Cancer Nurs 2002 Feb;25(1):15-25; quiz 26-7
University of Pennsylvania Cancer Center, Philadelphia 19104, USA.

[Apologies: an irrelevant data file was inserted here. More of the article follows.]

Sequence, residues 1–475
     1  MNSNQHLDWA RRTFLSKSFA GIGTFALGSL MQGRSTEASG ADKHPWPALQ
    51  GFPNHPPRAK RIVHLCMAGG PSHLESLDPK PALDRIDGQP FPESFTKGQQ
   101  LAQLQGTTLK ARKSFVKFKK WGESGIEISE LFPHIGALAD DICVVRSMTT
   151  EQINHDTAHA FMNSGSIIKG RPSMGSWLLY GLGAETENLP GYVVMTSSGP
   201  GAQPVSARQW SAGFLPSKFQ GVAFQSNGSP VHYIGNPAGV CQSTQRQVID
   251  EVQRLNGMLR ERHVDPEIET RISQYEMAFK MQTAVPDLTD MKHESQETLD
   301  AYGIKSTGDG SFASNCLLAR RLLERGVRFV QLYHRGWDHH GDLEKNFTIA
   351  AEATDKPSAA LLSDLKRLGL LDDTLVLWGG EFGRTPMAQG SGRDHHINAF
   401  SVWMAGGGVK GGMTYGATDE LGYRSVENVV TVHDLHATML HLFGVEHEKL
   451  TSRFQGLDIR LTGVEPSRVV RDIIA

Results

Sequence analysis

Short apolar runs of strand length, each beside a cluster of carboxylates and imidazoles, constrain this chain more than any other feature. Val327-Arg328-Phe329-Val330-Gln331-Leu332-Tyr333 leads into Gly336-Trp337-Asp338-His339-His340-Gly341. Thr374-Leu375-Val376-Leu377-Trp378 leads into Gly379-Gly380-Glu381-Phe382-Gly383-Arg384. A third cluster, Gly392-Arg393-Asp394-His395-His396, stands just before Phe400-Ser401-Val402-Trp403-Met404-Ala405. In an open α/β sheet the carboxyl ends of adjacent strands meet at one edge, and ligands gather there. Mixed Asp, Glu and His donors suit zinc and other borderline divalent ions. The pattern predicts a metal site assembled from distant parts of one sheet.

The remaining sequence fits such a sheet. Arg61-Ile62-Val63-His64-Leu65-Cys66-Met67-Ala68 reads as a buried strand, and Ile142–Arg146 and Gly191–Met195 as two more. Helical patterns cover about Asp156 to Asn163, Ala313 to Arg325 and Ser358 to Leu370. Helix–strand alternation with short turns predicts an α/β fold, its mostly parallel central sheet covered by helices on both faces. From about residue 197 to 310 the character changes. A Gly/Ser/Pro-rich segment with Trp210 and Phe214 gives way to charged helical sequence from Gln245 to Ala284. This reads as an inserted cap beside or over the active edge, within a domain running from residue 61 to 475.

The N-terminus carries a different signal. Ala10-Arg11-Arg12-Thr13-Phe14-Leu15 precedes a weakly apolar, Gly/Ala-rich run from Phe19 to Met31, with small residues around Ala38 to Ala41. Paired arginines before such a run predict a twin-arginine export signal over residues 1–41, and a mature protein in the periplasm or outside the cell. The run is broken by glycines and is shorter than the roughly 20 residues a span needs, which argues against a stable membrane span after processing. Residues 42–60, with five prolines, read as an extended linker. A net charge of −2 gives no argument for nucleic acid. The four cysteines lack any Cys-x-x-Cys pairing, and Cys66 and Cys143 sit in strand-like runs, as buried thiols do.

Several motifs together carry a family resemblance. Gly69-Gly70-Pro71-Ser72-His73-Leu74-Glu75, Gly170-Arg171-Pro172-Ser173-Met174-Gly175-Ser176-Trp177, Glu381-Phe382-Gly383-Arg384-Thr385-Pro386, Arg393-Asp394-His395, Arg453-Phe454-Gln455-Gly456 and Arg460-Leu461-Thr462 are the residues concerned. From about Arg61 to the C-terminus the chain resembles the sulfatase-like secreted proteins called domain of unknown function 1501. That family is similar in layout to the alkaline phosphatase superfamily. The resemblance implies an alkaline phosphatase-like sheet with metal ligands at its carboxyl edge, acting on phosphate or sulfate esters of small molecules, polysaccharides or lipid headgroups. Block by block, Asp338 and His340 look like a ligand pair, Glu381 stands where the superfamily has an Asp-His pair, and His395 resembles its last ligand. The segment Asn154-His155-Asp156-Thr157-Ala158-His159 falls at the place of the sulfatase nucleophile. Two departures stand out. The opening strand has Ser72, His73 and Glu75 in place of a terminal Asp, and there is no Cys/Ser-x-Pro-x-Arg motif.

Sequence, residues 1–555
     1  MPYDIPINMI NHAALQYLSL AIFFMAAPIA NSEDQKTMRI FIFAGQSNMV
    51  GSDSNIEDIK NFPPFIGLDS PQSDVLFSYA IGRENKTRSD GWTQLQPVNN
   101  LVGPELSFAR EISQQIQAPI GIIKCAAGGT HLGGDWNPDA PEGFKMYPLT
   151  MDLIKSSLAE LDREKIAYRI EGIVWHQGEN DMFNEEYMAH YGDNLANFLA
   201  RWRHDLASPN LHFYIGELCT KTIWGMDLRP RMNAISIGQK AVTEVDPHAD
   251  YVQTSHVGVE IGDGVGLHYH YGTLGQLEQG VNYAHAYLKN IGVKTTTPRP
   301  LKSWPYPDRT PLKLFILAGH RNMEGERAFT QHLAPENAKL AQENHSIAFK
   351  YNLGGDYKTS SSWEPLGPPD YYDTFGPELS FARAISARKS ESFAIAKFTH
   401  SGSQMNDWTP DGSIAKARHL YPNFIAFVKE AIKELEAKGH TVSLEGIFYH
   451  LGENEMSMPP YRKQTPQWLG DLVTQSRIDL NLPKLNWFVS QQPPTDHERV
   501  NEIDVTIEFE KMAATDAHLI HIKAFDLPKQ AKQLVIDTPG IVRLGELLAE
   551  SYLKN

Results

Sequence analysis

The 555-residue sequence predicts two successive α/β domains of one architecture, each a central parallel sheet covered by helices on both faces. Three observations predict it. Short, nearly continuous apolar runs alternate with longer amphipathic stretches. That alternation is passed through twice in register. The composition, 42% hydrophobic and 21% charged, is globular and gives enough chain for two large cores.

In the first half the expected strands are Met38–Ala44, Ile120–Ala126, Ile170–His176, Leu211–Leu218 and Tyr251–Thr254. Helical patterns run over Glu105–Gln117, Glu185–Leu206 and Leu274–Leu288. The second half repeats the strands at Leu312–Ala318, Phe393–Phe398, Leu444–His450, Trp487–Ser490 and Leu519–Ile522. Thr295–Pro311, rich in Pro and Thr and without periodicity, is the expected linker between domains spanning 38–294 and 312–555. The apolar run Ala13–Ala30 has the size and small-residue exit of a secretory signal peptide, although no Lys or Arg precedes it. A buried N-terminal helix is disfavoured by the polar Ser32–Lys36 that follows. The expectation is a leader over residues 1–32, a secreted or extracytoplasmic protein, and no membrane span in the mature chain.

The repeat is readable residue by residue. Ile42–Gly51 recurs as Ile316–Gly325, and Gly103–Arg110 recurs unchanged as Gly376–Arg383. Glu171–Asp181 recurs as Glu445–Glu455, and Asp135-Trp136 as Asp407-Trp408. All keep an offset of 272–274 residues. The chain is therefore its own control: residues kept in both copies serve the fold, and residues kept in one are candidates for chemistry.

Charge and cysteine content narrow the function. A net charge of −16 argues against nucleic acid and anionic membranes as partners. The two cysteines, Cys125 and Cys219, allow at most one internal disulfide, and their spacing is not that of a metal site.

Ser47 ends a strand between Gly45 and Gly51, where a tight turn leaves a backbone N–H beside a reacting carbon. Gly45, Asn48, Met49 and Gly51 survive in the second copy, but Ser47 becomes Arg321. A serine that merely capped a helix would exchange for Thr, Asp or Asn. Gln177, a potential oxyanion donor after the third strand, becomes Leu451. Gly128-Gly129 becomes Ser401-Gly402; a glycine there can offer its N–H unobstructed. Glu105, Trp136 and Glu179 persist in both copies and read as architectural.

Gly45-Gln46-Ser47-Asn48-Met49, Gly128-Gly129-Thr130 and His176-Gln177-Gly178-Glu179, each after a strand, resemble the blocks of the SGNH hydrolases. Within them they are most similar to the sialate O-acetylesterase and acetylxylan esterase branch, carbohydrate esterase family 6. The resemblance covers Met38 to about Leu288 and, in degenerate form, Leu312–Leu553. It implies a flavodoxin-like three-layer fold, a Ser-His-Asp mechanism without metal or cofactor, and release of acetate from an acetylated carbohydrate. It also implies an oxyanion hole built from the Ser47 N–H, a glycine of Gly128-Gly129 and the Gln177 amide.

The onslaught of genetic innovations in the past decade has resulted in the ongoing identification of a spectrum of genes, some of which, when mutated, result in cancer susceptibility. The impact of these discoveries on healthcare provides an opportunity to enhance health promotion and long-term health outcomes by identifying at-risk individuals before cancer develops. This provides the healthcare provider with the potential to intervene much earlier to either reduce the risk or diagnose a cancer early when the chances for effective treatment are greatest. Even though genetic testing is increasingly being employed clinically, there remains a gap between the technology and effective interventions. Genetic tests also provide information that is distinct from other tests used routinely in health promotion, because of the personal and family nature of the information. This results in unique clinical, ethical, legal, and social issues that further affect the effective diffusion of this technology clinically. This article provides an overview of the distinguishing characteristics of genetic testing, outlines the essential components of informed consent, and discusses the potential implications of testing on individuals' lives and the nurse's role in offering genetic testing.